LONDON (Reuters) – Boris Johnson’s leadership faced its most serious threat yet on Tuesday after it emerged his private secretary invited over 100 people to a “bring your own booze” party at the British Prime Minister’s official residence during a coronavirus lockdown.

Johnson, who won a landslide election victory in 2019, has faced intense scrutiny over the past month after a video emerged showing his staff laughing and joking about a different party also held in Downing Street during a 2020 Christmas lockdown.

Revelations about a series of gatherings that took place in the heart of government have been widely criticised and prompted opposition Labour Party leader Keir Starmer to accuse Johnson of lacking the moral authority to lead the country.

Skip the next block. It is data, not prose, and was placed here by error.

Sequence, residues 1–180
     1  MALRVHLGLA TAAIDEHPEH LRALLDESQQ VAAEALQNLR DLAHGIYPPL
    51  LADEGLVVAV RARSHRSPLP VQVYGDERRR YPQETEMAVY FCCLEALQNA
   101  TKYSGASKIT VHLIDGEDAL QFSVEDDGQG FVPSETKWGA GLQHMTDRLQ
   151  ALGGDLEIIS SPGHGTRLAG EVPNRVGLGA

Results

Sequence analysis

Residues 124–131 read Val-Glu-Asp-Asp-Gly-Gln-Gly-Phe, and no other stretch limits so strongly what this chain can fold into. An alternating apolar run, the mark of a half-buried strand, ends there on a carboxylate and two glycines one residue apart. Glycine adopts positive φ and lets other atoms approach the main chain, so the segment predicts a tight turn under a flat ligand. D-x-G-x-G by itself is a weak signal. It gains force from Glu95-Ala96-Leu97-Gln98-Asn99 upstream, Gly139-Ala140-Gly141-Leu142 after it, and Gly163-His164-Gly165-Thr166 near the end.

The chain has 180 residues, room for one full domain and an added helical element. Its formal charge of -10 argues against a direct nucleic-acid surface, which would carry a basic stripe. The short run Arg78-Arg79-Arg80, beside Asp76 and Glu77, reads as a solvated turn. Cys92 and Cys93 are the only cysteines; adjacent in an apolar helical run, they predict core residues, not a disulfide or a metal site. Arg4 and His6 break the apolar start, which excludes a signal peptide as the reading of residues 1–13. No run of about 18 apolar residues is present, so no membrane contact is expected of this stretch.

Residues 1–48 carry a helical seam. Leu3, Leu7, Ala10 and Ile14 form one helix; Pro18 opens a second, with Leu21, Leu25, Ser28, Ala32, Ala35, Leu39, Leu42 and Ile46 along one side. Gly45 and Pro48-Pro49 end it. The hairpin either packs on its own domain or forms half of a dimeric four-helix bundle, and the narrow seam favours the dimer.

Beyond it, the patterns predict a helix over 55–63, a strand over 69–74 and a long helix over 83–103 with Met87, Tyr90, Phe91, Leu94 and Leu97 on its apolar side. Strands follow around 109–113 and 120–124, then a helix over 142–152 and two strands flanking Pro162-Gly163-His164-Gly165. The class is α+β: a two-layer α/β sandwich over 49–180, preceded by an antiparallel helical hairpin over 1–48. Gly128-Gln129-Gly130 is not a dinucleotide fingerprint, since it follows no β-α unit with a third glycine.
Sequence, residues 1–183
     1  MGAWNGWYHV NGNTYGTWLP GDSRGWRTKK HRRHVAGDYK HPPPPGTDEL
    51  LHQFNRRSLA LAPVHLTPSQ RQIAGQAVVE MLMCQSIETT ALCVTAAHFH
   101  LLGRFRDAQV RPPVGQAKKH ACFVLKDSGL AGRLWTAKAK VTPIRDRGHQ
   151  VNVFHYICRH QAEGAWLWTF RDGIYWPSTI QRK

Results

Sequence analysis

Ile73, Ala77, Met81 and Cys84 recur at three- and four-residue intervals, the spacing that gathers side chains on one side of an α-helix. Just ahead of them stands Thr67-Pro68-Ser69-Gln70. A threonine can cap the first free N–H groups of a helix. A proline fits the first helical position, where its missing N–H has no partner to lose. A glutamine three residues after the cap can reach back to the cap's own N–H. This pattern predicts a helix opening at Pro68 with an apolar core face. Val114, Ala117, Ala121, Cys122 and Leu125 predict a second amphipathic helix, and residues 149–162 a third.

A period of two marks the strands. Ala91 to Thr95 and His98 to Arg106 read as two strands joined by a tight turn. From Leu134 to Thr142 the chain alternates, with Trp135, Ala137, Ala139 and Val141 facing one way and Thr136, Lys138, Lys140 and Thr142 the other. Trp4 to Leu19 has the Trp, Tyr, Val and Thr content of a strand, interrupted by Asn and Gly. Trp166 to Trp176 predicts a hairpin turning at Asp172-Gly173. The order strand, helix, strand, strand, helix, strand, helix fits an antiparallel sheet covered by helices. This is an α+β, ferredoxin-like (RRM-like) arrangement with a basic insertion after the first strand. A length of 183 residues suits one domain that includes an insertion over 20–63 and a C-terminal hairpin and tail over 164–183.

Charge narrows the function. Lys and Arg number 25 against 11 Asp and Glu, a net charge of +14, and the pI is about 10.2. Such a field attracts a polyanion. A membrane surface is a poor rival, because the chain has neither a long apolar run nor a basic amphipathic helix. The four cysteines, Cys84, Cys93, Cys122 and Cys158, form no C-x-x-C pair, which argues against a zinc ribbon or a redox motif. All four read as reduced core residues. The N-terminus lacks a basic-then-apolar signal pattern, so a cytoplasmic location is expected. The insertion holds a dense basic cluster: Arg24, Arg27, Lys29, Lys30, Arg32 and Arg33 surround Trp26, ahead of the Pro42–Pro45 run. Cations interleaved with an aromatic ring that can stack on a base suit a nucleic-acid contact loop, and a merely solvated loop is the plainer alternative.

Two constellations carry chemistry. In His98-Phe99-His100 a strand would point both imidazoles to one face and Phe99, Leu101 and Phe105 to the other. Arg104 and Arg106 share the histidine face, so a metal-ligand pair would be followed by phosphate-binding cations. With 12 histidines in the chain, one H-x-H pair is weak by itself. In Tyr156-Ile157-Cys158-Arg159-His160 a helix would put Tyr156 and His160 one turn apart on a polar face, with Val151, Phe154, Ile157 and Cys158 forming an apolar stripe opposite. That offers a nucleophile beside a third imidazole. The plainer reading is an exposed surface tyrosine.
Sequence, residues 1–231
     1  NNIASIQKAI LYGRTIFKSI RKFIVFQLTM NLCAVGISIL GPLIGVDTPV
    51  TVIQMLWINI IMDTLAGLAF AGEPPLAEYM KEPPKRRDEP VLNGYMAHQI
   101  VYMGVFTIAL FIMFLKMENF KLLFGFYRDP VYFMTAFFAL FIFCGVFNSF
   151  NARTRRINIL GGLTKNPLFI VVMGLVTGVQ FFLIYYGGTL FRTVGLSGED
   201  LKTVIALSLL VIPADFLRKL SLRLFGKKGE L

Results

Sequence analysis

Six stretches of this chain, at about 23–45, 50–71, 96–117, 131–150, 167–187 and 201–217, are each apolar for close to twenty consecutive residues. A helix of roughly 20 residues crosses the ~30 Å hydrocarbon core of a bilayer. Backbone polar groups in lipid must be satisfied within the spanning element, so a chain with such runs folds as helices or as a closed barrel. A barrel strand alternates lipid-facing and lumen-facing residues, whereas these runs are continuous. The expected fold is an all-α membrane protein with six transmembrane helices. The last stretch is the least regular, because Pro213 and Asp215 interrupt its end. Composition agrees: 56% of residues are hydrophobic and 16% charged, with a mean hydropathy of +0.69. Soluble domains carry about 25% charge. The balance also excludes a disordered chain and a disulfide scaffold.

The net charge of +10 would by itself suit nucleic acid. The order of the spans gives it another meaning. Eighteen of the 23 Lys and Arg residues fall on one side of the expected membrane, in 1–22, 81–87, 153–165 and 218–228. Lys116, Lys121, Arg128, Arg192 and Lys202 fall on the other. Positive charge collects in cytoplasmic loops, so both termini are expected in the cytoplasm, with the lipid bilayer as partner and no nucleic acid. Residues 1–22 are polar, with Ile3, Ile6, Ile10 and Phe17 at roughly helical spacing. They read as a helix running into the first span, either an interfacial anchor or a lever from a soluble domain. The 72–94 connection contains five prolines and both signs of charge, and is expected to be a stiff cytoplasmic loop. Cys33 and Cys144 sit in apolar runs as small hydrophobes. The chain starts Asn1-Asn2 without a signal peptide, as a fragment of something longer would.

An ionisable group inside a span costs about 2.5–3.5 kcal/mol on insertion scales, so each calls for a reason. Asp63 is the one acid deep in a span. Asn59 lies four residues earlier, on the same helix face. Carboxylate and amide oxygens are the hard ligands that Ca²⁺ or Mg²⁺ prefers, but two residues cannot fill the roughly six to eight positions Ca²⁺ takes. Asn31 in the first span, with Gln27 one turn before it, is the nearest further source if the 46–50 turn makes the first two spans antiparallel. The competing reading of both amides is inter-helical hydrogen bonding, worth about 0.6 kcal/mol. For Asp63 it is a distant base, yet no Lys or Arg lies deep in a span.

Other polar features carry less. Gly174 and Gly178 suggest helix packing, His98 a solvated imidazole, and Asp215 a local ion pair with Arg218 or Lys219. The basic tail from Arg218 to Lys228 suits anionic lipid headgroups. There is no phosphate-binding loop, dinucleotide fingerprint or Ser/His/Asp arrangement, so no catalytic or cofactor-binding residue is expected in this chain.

The latest, if substantiated by an internal inquiry, would be the most damaging yet for Johnson’s future. His own lawmakers show signs of losing patience after a series of scandals, and polls show Johnson’s Conservative Party slipping behind Labour.

Johnson and his partner Carrie were among those who gathered with about 40 staff in the garden of Downing Street on May 20, 2020, after the PM’s Principal Private Secretary Martin Reynolds sent an invite by email using the pronoun “we”, ITV reported.

Johnson’s spokesman declined to comment on the report.

At the time, schools were shut to most pupils, and pubs and restaurants were closed, with strict controls on social mixing. Police prosecuted revellers, and people were prevented from bidding farewell in person to dying relatives.

“If the prime minister broke the law, he will resign won’t he?” Labour lawmaker Ben Bradshaw asked Paymaster General Michael Ellis who sat alone on the government’s front bench in parliament to answer in place of Johnson.

“The prime minister is going nowhere,” Ellis said, to Labour jeers. Ellis apologised unreservedly for the upset that the allegations had caused.